Today marks the 25th Anniversary of one of the most significant Minis in the diminutive car’s history.
Without the Cooper RSP, it’s arguable that the Rover Mini may not have survived much beyond the dawn of the 1990s. Already over 30 years old, the Mini continued in production due to a steady drip of demand, with the UK, Japan and France being its main markets.
Yet, despite a number of special editions, including the poshed-up, leather-trimmed Mini 30, the model was suffering – it was, of course, as entertaining to drive as ever, but at the same time it was outdated, noisy, uncomfortable and struggling to find traction in a car market that was evolving rapidly.
Enter the RSP – which stood for Rover Special Products. It was, to all intents and purposes, a ‘proper’ Mini Cooper, in every sense of the word. Rover Group, having emerged from the mire of the Austin-Rover years, had been watching some of the work that legendary tuner John Cooper had been doing with existing customers’ Minis – notably versions of the Sky Blue, Rose, Flame Red, Jet Black and Red Hot that had been exported to Japan. And they liked what they saw.
After a decade of indecision on the Mini’s future, Rover boss Graham Day finally gave the green light for a new Cooper, conceptualised by the very man himself. John Cooper stamped his mark on the Rover Mini and, on 10 July 1990, the RSP was announced. It was to be the first Mini since the 1275GT to feature the biggest production version of the A-Series engine, and in order to get it into production quickly, it borrowed features from other models in the Mini range, including leather seats from the Mini 30, a poshed-up handbrake gaiter, red carpets and a red, leather-clad steering wheel.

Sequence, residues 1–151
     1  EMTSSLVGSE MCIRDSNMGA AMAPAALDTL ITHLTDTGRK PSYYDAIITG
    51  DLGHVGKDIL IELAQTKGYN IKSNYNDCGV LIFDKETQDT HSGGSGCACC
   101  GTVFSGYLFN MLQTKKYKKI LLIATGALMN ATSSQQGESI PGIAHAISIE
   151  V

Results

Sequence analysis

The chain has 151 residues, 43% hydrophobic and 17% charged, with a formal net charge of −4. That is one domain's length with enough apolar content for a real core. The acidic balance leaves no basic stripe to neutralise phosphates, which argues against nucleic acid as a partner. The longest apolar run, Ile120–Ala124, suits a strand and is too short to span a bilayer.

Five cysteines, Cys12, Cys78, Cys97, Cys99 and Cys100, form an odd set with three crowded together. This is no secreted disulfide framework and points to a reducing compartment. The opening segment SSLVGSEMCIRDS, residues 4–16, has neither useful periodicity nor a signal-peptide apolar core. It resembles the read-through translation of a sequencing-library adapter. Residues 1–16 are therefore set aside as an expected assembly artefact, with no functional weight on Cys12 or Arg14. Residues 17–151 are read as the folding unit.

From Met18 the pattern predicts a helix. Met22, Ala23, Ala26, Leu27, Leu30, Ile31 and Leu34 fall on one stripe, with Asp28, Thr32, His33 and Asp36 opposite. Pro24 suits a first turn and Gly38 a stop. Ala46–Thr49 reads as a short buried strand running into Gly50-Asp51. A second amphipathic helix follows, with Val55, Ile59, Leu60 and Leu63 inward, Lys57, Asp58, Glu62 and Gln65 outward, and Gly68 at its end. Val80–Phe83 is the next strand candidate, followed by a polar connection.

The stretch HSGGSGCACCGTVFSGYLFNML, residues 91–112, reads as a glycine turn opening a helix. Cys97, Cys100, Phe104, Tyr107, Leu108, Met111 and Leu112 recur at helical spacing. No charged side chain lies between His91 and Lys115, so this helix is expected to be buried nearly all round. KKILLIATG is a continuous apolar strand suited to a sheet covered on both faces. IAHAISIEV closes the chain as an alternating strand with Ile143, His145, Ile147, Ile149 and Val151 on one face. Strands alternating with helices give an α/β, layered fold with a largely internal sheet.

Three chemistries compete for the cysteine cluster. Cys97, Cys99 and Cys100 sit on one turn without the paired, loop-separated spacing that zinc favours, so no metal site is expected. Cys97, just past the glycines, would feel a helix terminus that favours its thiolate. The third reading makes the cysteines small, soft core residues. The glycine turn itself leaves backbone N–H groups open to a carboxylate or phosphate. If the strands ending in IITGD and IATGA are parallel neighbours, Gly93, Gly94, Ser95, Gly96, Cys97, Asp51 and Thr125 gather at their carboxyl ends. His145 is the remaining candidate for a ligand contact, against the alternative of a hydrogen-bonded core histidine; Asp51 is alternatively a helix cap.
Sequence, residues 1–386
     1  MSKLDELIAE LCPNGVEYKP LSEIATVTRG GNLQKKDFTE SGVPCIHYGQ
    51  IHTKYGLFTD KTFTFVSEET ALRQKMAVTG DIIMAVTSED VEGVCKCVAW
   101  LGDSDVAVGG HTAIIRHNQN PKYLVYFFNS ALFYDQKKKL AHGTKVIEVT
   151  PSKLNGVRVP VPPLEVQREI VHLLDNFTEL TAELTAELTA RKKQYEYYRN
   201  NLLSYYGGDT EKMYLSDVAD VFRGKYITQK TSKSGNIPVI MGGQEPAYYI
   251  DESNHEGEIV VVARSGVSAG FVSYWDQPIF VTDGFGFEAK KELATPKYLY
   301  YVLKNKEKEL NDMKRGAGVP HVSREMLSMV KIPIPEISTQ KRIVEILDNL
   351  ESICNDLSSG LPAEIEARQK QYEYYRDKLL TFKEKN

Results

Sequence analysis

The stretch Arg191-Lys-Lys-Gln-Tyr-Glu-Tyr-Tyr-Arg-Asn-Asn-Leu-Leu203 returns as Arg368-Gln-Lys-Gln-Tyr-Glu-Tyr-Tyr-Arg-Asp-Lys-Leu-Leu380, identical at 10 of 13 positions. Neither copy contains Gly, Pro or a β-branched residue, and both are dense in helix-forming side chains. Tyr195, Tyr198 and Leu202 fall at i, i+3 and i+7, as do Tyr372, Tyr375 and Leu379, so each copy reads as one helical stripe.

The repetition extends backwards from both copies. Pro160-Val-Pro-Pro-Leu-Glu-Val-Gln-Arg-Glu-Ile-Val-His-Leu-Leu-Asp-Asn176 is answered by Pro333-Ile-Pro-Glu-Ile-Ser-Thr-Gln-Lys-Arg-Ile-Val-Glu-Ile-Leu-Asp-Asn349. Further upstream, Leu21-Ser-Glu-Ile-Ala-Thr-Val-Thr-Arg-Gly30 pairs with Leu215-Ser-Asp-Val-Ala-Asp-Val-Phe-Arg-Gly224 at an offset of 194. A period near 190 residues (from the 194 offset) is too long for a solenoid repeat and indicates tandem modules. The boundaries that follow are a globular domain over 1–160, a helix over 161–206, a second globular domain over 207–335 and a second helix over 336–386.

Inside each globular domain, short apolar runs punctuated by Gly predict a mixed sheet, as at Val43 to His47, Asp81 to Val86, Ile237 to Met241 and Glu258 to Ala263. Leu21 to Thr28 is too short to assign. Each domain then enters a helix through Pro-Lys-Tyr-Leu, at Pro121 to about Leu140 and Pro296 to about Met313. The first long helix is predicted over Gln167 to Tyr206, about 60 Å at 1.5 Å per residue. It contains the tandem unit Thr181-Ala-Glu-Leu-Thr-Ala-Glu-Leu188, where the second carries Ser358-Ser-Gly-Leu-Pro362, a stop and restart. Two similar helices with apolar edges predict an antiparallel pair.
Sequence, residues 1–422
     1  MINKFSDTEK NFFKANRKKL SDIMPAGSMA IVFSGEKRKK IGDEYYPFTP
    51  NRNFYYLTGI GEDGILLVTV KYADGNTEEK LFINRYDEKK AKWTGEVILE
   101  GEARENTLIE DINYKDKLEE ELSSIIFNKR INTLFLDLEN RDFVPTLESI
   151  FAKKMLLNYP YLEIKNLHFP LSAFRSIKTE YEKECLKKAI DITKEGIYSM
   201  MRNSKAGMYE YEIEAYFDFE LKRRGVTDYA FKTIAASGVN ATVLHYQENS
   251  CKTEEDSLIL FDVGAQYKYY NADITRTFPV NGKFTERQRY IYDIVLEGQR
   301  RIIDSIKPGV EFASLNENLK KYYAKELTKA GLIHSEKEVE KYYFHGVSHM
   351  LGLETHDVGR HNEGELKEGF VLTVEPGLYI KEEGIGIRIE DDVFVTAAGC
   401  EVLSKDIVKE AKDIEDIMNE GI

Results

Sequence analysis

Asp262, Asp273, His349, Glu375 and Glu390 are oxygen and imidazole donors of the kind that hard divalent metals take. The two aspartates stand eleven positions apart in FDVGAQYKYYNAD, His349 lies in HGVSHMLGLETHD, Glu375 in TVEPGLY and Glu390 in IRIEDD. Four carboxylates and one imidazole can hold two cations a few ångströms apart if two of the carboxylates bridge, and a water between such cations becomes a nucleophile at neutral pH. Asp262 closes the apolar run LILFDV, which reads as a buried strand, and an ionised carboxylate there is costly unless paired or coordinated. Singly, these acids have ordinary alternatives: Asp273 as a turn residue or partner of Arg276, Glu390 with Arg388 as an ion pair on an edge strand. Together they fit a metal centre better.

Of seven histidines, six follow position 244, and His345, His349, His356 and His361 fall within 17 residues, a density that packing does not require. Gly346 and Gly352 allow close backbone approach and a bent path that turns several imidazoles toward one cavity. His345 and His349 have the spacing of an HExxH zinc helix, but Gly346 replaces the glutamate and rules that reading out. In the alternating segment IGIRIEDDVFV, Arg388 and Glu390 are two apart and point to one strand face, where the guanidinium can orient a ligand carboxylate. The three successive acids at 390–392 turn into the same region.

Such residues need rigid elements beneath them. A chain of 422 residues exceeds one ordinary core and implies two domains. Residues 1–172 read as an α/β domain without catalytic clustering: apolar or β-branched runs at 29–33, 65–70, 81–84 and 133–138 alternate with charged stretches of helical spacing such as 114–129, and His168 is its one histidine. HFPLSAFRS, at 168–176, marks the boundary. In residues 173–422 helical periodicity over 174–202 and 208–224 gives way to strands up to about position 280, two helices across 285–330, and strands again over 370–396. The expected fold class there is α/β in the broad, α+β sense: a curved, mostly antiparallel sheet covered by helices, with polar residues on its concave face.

Other identifying features included white bonnet stripes featuring John Cooper’s signature facing outward towards the wings, a new ‘Mini Cooper’ bonnet badge featuring rally-winners’ laurel wreaths and 12-inch Minilite-style alloys.
The car also came with a standard fit Webasto sunroof, colour-coded side body mouldings, Philips R570 radio-cassette and smart ‘Mini Cooper’ labels stitched into the seats.
Under the bonnet, the engine was identical to that in the MG Metro – the standard 1275cc A+ unit with a single carb, producing 60bhp, although there was the option of a John Cooper Garages ‘S-Pack’ that would push this up to 78bhp.
Body colours were restricted to three options: Flame Red, British Racing Green and Black, each with white roof.
Initially, the RSP was a limited edition. Just 1,650 were built, 600 for export and 1,050 for the UK market. However, its popularity was sufficient for Rover to commission a standard Cooper almost immediately and the rest, as they say, is history. Indeed, the export angle is a relevant one today, too – with the RSP now reaching the 25-year milestone, it’ll be interesting to see what happens to values now they’re eligible for export to the USA.
From 1990, then, the Mini reinvented itself and survived right up until the 21st century – a remarkable achievement for a car that was already an antique – and yet another demonstration of how, against all the odds, Rover managed to pull off yet another marketing masterstroke.
Without the RSP, we might not have a Mini at all today. It could have been taken out of production before BMW came to the table, and have been dead long before its Rover-engineered replacement was ever ready. And we certainly wouldn’t have had a whole generation of ‘modern’ Rover Coopers to go at.
Happy birthday, wee fella!
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